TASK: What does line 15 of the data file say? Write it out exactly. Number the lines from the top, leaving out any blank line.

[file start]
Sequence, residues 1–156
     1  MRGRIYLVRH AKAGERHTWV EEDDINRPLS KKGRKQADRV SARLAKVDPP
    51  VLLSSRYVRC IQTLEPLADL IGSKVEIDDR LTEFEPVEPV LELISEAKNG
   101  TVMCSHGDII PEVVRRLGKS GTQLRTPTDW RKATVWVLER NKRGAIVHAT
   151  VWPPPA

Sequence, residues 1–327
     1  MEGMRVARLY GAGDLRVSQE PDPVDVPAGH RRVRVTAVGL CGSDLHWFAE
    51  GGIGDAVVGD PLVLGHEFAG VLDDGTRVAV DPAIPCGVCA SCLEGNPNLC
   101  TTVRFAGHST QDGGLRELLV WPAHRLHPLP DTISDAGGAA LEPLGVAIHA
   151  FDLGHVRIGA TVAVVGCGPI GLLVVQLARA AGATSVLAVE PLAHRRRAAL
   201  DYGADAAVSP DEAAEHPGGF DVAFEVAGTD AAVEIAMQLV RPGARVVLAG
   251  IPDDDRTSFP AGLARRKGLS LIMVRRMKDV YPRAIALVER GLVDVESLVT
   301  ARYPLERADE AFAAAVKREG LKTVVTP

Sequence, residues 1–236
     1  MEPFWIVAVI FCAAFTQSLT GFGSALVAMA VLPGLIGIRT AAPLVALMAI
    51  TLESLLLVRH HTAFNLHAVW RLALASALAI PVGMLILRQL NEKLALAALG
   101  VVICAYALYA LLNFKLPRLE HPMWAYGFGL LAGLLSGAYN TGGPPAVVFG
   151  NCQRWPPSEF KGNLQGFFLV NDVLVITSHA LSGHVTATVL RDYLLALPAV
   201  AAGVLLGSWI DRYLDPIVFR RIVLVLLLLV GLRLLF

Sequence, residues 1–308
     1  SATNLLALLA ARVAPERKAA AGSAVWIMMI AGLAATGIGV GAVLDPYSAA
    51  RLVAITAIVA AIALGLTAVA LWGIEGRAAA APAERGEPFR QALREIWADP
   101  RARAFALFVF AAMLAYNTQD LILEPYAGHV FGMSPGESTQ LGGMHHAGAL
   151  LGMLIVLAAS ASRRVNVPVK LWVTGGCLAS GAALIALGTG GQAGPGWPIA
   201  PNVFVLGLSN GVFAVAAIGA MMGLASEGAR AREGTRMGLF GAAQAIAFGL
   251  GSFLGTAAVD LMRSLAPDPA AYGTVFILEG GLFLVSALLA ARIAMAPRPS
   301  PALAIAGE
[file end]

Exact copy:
     1  MEPFWIVAVI FCAAFTQSLT GFGSALVAMA VLPGLIGIRT AAPLVALMAI